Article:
The last month has seen mobile-phones breach two important power barriers — the 1 GHz speed threshold and the move beyond one core.
LG Optimus 2X was the first phone to breach the latter, while Samsung Galaxy S2 and HTC Sensation crossed both the GHz barrier as well as the single core barrier.
While all this is great news for teenagers and youngsters who could now play ‘angry birds’ on the glorious 4.3 inch screens, there was very little coming the way of the serious phone user — the kind who bother with emails, spreadsheets and security.
Research In Motion India has just announced that it will be launching the ‘Blackberry Bold 9900’ very soon in India.
“Blackberry Bold 9900?” you may ask. Doesn’t quite have the ring of “Galaxy S2” or “HTC Sensation,” does it?
Poor naming aside, the Blackberry bold represents probably the single biggest leap in power for the Canadian smartphone-maker. It is also represents the first time the much harried, corporate email addict can get his hands on some high-speed goodness and not have to cast envious glances at his or her teenage son playing, angry birds.
The phone has a lot going for it, at least from the early specs released by RIM. First, like the Galaxy S2 and HTC Sensation and others, this too has a heart beating at 1.2 GHz.
The step up in power in enormous, particularly for phones with enterprise features or a qwerty physical keypad.
The closest competitor to the Bold 9900 from the Blackberry stable is the Torch, released in the second half of last year.
It, however, has a 624 MHz processor with no graphics unit.
In addition to the higher speed, it has a separate processor to help in video and display chores, thus taking a load off the main processor and increasing the overall power of the phone.
In this respect, the closest competitor to the Bold 9900 is the Nokia E7, released five months ago. While the E7 too has a physical keypad and a separate graphics processor, it runs on an operating system (Symbian) that is on its way out and has a 684 MHz processor (0.68 GHz).
At 768 MB, the Bold 9900 has three times the RAM of Nokia E7, arguably the most well-endowed enterprise phone in the market today, and equals the HTC Sensation in this regard.
It is not just the raw power that makes the new Blackberry Bold 9900 the “Galaxy S” of the enterprise world.
Thanks to the power and the presence of the new graphics processor, the Canadian smartphone maker has decided to splurge on the visual effects and graphics side as well. The new “liquid graphics” are unlike the rather matter-of-fact animations and user interface of the old Blackberry.
The Bold 9900 (seriously, they should find a name for this thing) will also be the first to sport the new version of the Blackberry operating system, including a new, powerful browser.
It doesn’t end there. For those who care as much about the looks as the internals, the 9900 is the most iPhonesque Blackberry ever seen.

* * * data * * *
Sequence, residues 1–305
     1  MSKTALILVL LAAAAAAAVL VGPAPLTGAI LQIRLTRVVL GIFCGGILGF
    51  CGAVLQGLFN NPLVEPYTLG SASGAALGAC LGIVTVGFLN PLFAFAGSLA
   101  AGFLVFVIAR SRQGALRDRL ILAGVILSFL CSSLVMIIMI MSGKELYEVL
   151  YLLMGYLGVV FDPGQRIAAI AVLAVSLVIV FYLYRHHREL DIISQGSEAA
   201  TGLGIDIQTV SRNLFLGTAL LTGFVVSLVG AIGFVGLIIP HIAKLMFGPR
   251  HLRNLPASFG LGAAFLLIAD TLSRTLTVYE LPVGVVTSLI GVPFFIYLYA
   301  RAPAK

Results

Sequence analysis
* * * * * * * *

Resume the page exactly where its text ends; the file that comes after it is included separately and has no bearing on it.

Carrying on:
It has a larger display than usual, at 2.8 inches compared to the standard 2.4 to 2.6 inches on most candy bar qwerty phones, enabling a bigger keypad as well. The screen resolution, in terms of the fineness of the grain, is second only to the iPhone4. Like the iPhone4, the 0.3 megapixel 9900 display too is ‘retina beating.’
In other words, with 78% more pixels than the Blackberry Torch, the human eye is not able to detect any ‘graininess’ (individual dots) on the display when held at a distance of one foot or more, as is usual. They see a continuous object, rather than a constructed object.
In addition, it is, as RIM puts it “the thinnest Blackberry handset ever!” Overall, thanks to its slimmer profile and aluminum wrap/body, it does indeed come across as an exercise in industrial minimalism that Apple designs have come to symbolize.
Other notable features include a music store (yeah, you read it right) and HD (not full HD) recording on the five-megapixel camera.
All in all, the Blackberry Bold is an notable phone because of two factors —
1) RIM is sticking to what it does best — instead of designing large-display touch-only phones that try to imitate the iPhone or the Galaxy, it is targeting its core audience — professionals who want more than just a big display with lots of power behind it.
2) Even as it has stuck to its classic design, RIM has managed to pack as many goodies into the phone as its design would allow. In other words, if you like the candy-bar form factor or you simply addicted to it, a phone can’t get better than this, at least for another 6 months to a year.
The phone is yet to be released (anywhere), but going by the RIM India mailer, India too should see its release as it hits the market this summer.
PS: The story had mistakenly stated that the processor is dual-core. This was the result of mistaken notion, apparently set off by wrong advertising by a prominent European vendor. Mistake has been rectified (thanks to the commenter below), with apologies.